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Dating the Evaporation of Globular Clusters

20 Jun 2018, 15:05 UTC
Dating the Evaporation of Globular Clusters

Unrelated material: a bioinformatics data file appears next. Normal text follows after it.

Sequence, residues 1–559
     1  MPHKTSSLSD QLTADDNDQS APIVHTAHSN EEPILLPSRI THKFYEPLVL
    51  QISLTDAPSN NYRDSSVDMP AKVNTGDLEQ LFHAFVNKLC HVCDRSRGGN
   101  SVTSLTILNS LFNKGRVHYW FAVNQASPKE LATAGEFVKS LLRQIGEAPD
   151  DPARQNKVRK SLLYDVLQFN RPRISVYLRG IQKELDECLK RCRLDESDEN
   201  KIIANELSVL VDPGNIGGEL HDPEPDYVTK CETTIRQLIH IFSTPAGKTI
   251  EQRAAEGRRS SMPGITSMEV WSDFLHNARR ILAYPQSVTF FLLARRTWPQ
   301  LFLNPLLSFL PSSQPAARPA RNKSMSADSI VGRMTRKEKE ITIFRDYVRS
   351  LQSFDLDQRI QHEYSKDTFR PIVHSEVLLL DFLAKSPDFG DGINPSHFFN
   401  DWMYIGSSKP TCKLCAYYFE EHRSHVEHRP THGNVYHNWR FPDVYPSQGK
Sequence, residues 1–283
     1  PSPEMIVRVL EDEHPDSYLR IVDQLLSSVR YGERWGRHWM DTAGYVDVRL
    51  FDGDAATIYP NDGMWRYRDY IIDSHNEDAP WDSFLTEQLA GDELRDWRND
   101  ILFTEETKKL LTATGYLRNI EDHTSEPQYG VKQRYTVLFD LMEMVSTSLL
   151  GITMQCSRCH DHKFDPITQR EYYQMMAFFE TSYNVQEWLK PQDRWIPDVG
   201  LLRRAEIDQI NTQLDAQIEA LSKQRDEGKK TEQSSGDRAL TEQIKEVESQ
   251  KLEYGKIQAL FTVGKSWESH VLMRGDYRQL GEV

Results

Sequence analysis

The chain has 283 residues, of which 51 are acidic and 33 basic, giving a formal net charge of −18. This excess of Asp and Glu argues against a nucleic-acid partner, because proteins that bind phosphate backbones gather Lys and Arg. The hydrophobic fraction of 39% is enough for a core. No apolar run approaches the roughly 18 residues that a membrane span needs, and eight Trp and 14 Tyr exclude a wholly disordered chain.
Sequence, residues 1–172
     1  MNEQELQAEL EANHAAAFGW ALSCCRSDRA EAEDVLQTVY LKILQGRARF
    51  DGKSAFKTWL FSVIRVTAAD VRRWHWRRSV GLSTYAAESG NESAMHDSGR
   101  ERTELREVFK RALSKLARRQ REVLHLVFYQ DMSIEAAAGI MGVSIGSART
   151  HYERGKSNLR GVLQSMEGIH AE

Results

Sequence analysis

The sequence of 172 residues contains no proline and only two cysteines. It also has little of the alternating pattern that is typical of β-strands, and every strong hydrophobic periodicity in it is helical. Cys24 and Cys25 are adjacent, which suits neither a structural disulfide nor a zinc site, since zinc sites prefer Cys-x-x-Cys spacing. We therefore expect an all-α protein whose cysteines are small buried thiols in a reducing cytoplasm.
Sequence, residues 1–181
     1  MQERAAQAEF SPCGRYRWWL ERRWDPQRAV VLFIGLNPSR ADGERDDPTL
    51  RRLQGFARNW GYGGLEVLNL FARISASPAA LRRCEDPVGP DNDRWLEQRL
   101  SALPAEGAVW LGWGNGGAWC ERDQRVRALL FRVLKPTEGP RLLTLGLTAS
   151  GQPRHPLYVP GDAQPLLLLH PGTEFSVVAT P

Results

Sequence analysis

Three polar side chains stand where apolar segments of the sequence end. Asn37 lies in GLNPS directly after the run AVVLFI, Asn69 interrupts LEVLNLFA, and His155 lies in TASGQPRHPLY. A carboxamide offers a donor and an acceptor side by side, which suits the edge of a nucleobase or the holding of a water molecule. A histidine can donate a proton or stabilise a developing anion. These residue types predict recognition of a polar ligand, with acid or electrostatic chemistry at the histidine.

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Title: Dating the Tidal Disruption of Globular Clusters with Gaia Data on Their Stellar StreamsAuthors: Sownak Bose, Idan Ginsburg, and Abraham LoebFirst Author’s Institution: Harvard-Smithsonian Center for AstrophysicsStatus: Published in Astrophysical Journal Letters, open access on arXivFigure 1. Tidal forces don’t only have an effect on globular clusters! The dramatic tail of the Tadpole Galaxy (Arp 188) is also the result of a gravitational tug. Credit: NASAThe most ancient stellar populations in our galaxy are being ripped apart. Globular clusters — massive gravitationally bound collections of hundreds of thousands of stars — have occupied the Milky Way halo for billions of years. Studying globular clusters can help us understand not only how our galaxy formed, but also how it has evolved over the history of the universe. As the Milky Way has evolved, its gravitational potential has changed as well — and the changes in our galaxy’s gravitational pull are recorded in the behavior of globular clusters.As the stars in globular clusters interact gravitationally, some gain enough kinetic energy to be ejected from the cluster entirely. The shrinking of globular clusters through this process is called evaporation. When the ejected stars escape the gravitational confines of the cluster, the gravitational ...

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